Researchers use AI to monitor hospital staff hygiene

The technology could be used to reduce rates of hospital-acquired infections.

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Getty Images/iStockphoto
Getty Images/iStockphoto

Hospital-acquired infections are a pesky problem and around one in 25 hospital patients have at least one healthcare-associated illness at any given time. To combat this issue, a research team based at Stanford University turned to depth cameras and computer vision to observe activity on hospital wards -- a system that could be used to track hygienic practices of hospital staff and visitors in order to spot behaviors that might contribute to the spread of infection. The work is being presented at the Machine Learning in Healthcare Conference later this week.

The researchers placed depth cameras in various places -- in hallways, patient rooms and around hand sanitizing dispensers -- across two different hospital wards. Video was collected over the course of one very busy hour in the hospital and 80 percent of the video was used to train tracking algorithms while the other 20 percent was used to test the algorithms post-training.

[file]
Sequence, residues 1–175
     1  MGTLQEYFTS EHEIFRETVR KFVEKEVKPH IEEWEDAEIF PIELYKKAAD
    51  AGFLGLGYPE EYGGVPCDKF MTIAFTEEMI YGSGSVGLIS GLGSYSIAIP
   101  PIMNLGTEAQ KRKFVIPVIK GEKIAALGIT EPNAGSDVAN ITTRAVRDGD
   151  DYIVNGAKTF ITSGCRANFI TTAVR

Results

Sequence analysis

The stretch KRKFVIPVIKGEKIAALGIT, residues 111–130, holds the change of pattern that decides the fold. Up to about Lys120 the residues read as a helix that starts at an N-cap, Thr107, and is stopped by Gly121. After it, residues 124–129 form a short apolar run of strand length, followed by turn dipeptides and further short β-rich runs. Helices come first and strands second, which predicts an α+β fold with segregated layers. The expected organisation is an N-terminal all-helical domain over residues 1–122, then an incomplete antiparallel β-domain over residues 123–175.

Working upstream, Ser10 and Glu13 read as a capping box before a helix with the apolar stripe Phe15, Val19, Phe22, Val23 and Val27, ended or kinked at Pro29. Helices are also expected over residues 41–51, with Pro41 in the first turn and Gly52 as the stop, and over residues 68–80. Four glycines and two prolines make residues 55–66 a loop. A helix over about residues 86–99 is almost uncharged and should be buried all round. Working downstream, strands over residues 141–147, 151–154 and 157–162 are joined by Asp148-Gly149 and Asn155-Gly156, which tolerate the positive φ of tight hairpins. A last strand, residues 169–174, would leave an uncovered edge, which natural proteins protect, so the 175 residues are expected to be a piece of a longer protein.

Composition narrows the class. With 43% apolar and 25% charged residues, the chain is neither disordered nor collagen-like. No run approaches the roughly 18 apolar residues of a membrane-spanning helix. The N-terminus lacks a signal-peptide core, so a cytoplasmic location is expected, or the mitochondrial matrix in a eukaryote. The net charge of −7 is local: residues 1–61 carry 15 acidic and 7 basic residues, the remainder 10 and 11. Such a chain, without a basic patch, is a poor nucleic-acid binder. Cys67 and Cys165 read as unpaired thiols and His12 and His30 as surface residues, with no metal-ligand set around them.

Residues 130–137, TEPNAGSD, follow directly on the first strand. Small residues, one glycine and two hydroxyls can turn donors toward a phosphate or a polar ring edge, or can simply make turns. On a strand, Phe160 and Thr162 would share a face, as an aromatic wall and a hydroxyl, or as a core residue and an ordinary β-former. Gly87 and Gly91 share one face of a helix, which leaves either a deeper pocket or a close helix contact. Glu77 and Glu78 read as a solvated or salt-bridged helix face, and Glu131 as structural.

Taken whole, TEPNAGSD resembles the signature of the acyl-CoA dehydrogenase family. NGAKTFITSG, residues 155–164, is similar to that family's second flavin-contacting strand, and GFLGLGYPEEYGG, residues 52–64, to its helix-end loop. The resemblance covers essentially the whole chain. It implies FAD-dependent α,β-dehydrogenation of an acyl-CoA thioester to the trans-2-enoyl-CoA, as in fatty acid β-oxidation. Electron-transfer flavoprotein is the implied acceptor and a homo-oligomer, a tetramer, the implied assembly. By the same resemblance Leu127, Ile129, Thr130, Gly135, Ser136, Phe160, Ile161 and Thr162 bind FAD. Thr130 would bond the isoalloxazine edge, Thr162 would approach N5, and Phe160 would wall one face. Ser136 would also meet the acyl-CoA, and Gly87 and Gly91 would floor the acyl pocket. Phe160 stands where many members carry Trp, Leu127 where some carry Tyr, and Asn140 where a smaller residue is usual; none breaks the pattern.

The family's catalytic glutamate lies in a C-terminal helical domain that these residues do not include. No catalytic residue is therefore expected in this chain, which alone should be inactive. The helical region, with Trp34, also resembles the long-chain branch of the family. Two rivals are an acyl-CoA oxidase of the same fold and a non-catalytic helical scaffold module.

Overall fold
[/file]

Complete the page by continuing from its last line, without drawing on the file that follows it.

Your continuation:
During that hour, 170 people entered patient rooms but only 30 were found to follow correct hand hygiene protocol. And when using video images to determine those compliance rates, the computer vision algorithms were about 75 percent as accurate as humans making those classifications from watching the video playback. However, compared to observations made by people in the hospital wards covertly recording hand sanitation practices on the ground, the algorithms were more accurate.

According to New Scientist, the researchers are now planning to outfit three hospitals for an entire year to see how the technology and the observations it reports impact infection rates. As this method improves, it could be used for much more than just monitoring hand hygiene. Alexandre Alahi, one of the study's authors told New Scientist, "We can't afford to have a doctor in a room 24/7, but we could afford an AI doctor every room, and every corridor too, leaving humans to do the most important jobs."

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